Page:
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2. Where Happiness is Found

1. Man's happiness is not to be found in wealth, whether this be natural wealth which serves his normal needs (such as food, clothing, housing), or artificial wealth which can provide the items of natural wealth, that is, money. Wealth of any kind is a means for acquiring something else; it is a thing that serves; it does not fulfill. Hence it cannot be the true last end of man and the object that will render him enduringly and completely happy.

2. Nor can man's full happiness consist in honors bestowed because of some excellence in him. Any excellence in a man is in him by reason of some good already possessed; it means that he already has some degree of happiness. Honors come to him because of this happiness, and therefore honors cannot themselves be the constituting elements of perfect happiness.

3. Nor can man's happiness be found in fame and glory. These, like honors bestowed, presuppose some degree of happiness already attained, and this they publicize and praise. Fame and glory are consequent upon an imperfect happiness, and are, in some sense, the product of it. They cannot, therefore, be the essential elements of perfect happiness.

4. Man's perfect happiness cannot consist in the possession of power, for power is not a complete end, but a means; power is valuable according to the use to which it may be put. In a word, power looks on to something further; it cannot itself be the ultimate goal.

5. Man's ultimate happiness does not consist in goods of the body - life, health, strength, beauty, agility, etc. - for these goods preserve the body and its perfections. Merely to preserve life cannot be the end of life. Goods of the body are to be used by reason (intellect and will) somewhat as a ship is used by its master; the master does not use the ship merely to preserve the ship, but to carry profitable cargoes to desired ports. Thus it appears that the goods of the body are means, not complete ends. Besides, man is a rational being as well as a bodily being; he can never be completely fulfilled and satisfied by bodily goods.

6. Pleasures, whether bodily or intellectual, cannot bringa man ultimate happiness. We have just seen that bodily things cannot be man's perfect fulfillment. And mental enjoyments presuppose the end already attained; enjoyment follows upon possession of some good or end; what is consequent upon the end cannot itself be the end.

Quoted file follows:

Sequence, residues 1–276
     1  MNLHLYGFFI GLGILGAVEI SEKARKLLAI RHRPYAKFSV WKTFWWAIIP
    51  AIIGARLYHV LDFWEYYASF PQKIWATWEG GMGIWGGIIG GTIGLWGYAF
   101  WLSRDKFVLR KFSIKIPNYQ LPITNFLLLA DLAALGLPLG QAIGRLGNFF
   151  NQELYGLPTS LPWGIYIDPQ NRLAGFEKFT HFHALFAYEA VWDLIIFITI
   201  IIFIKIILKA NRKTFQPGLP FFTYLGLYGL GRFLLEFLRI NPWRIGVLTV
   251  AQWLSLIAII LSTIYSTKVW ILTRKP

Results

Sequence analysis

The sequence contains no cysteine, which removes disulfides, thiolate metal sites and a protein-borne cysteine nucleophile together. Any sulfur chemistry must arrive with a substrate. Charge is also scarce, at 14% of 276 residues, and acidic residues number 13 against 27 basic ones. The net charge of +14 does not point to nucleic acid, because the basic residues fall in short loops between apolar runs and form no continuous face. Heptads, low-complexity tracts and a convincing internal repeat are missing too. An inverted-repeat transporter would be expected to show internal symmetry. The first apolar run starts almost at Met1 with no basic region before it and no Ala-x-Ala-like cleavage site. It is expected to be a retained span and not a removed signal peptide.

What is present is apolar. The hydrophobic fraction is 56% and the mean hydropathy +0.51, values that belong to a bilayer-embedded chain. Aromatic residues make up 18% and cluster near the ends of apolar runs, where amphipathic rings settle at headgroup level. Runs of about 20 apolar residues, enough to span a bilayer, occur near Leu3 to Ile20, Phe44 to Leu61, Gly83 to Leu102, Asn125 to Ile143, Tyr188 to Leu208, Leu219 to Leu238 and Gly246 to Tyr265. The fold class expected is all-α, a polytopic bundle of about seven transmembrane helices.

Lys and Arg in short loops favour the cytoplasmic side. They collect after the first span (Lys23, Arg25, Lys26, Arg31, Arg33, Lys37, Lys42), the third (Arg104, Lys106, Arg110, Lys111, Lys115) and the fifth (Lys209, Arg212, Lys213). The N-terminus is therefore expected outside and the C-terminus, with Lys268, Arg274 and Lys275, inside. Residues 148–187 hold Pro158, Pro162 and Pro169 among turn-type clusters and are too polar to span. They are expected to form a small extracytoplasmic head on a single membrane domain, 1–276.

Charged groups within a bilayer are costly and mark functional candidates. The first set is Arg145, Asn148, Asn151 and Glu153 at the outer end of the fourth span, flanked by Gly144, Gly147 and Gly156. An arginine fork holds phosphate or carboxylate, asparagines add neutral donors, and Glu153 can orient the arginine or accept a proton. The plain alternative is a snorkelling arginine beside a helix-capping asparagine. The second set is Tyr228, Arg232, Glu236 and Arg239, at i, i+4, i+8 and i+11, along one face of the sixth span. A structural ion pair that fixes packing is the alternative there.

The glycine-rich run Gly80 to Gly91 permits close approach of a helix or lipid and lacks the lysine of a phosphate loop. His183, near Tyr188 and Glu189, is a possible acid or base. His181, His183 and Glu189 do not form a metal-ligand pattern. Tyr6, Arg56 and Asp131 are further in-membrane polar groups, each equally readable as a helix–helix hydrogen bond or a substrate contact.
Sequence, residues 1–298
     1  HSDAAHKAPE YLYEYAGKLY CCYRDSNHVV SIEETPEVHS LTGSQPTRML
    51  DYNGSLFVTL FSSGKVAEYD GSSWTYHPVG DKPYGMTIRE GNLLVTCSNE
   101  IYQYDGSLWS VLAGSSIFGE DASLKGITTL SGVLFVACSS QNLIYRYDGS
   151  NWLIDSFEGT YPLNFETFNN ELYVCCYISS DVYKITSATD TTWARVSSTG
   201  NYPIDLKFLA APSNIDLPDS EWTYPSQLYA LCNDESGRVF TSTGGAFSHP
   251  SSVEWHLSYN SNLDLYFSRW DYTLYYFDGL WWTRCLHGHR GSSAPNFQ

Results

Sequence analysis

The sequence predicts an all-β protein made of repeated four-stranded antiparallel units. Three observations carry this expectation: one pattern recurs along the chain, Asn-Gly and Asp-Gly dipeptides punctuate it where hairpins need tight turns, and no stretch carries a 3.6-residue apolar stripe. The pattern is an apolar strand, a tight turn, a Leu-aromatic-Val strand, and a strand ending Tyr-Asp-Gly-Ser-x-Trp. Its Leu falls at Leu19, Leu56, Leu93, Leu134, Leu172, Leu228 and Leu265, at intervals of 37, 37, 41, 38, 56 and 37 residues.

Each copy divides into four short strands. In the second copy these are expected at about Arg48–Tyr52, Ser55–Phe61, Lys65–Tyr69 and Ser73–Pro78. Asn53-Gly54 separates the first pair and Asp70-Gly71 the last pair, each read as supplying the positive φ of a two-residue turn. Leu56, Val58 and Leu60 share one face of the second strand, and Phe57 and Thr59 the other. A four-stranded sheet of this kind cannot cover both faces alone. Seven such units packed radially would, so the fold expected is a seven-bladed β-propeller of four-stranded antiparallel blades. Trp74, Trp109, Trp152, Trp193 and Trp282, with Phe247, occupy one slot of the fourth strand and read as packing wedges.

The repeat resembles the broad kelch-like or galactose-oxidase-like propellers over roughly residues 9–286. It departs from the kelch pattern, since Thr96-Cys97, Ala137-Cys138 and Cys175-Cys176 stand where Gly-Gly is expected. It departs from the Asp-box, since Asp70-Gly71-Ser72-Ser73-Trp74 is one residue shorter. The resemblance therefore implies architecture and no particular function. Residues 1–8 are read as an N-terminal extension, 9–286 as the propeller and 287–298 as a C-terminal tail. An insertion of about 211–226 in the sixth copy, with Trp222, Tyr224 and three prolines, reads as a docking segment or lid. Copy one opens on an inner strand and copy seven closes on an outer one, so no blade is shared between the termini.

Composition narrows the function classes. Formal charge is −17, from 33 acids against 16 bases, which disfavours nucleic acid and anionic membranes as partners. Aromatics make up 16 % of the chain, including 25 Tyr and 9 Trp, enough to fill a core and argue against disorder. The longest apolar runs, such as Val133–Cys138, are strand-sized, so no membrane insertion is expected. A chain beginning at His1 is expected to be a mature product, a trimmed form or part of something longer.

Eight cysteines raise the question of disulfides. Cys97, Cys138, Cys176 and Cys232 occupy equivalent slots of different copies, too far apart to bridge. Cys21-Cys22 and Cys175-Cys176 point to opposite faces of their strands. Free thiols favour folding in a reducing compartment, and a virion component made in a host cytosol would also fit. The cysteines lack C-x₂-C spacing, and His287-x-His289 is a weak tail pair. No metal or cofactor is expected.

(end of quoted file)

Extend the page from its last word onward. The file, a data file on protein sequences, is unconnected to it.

7. The goods of the soul - its essence, faculties, acts, habits, perfections - cannot constitute man's ultimate end. Happiness is for the soul, and to be attained by the soul. The objective ultimate happiness is something outside the soul, which the soul seeks to bring into itself and possess subjectively. Hence this ultimate end is not the soul itself, nor the goods belonging to the soul.

8. Indeed, no created good can give man perfect happiness. Only the essential, universal, and boundless good can bring man complete and unfading fulfillment. No created good is universal, essential, and boundless; only the uncreated good can be the ultimate end of man. And this uncreated good is God.

"What good does it do to speak learnedly about the Trinity if, lacking humility, you displease the Trinity? Indeed it is not learning that makes a man holy and just, but a virtuous life makes him pleasing to God. "
Thomas á Kempis

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"The essence of perfection is to embrace the will of God in all things, prosperous or adverse. In prosperity, even sinners find it easy to unite themselves to the divine will; but it takes saints to unite themselves to God's will when things go wrong and are painful to self-love. Our conduct in such instances is the measure of our love of God."
St Alphonsus de Liguori

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"As the flesh is nourished by food, so is man supported by prayers"
St Augustine

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